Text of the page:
One of the problems I’ve run into with my Surface RT is that the screen timeout interferes with a number of common tasks. I use my Surface to run my team’s morning standup meetings, and I have to keep touching the screen every 30 seconds to keep it active. Or, if I want to listen to music using Pandora or Google Music, the jams stop when the screen turns off. (I believe the music will continue to stream with the screen off if you’re plugged in, but I’m not usually plugged in.) I ran into a similar issue while watching a football game on Espn3.com.
No problem–there’s an application to control your computer’s presentation settings that’s built right into Windows. It’s trickier than you’d expect to create a shortcut to it, though.
I found the setting by going to the Start screen and typing Presentation. At first, it looks like you get no results, but that’s because the default search bucket is Applications and Presentation Settings is under Settings. Checking the setting I am currently giving a presentation will disable the system timers, allowing you to keep your Surface active for an extended period of time for an actual presentation or streaming music and video from the web. I need to access this pretty frequently, so I wanted to pin it to my Start screen, but, since it’s under Settings, Windows doesn’t let you select it for pinning. Blurg.
There is a way to do it, but it’s not very intuitive. When you launch the application from Settings, it fires up in desktop mode. With the application running in desktop mode, you can right-click it in the taskbar, then right-click Microsoft Mobile PC Presentation Adaptability Client, and choose Properties. It will open a dialog where you can then click a button to open the file location. You’ll be whisked off to C:\Windows\System32, and the executable–PresentationSettings.exe–will be selected. Voila! You can right-click the file and pin it to the Start screen.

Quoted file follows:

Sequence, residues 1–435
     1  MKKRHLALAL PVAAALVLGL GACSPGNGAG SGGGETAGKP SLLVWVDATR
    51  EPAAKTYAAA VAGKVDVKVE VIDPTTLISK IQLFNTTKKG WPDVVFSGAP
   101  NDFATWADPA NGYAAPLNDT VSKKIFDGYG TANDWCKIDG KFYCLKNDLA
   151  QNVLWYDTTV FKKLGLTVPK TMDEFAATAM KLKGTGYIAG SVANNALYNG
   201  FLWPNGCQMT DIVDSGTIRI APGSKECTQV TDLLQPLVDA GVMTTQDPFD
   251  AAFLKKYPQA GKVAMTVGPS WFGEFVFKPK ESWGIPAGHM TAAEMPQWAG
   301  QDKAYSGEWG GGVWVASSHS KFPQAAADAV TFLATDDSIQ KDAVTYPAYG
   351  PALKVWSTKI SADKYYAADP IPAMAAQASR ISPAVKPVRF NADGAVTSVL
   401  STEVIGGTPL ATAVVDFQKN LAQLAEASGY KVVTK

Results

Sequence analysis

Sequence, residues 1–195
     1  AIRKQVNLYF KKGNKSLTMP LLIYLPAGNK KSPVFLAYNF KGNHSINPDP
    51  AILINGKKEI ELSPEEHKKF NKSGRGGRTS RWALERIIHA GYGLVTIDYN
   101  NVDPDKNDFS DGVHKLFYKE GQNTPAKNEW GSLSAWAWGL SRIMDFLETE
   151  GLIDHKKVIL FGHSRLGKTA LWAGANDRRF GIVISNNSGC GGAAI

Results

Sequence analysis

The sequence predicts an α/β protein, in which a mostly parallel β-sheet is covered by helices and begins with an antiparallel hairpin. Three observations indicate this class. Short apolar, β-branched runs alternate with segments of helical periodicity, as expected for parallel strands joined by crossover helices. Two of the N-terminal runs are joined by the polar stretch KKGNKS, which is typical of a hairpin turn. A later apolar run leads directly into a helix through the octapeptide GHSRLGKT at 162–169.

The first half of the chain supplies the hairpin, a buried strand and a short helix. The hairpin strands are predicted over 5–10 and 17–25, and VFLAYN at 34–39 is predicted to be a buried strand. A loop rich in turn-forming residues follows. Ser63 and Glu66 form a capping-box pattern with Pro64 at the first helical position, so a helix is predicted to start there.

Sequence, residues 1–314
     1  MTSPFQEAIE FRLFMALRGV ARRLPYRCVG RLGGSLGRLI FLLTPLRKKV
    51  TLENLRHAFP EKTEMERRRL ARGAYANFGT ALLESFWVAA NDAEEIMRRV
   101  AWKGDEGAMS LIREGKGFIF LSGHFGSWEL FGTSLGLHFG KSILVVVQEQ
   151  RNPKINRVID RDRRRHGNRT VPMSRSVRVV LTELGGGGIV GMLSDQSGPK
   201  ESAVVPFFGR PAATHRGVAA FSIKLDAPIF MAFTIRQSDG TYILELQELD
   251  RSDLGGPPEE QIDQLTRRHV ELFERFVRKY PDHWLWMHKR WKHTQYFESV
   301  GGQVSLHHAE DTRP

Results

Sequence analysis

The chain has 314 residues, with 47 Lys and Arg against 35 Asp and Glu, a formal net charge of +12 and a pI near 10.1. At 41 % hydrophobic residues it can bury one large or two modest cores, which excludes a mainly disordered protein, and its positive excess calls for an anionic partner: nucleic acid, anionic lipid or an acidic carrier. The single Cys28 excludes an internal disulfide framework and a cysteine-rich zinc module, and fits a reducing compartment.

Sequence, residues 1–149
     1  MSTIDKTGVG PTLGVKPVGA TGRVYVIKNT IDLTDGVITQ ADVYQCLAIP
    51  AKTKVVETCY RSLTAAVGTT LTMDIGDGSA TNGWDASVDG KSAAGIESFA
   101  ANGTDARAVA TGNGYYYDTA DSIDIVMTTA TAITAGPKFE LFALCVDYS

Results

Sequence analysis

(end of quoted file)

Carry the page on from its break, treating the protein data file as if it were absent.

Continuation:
The ultra-abbreviated version of this post is to simply browse to C:\Windows\System32 and right-click PresentationSettings.exe. Note that the screen will still turn off if you flip the keyboard up to cover the screen while in presentation mode, so you won’t kill your battery if you forget to re-enable the timers before closing your Surface and chucking it in your backpack. If you leave it open on a desk, you probably will, though. To maximize your battery life, you’ll definitely want to re-enable timers if you don’t need to keep the computer awake for a specific reason.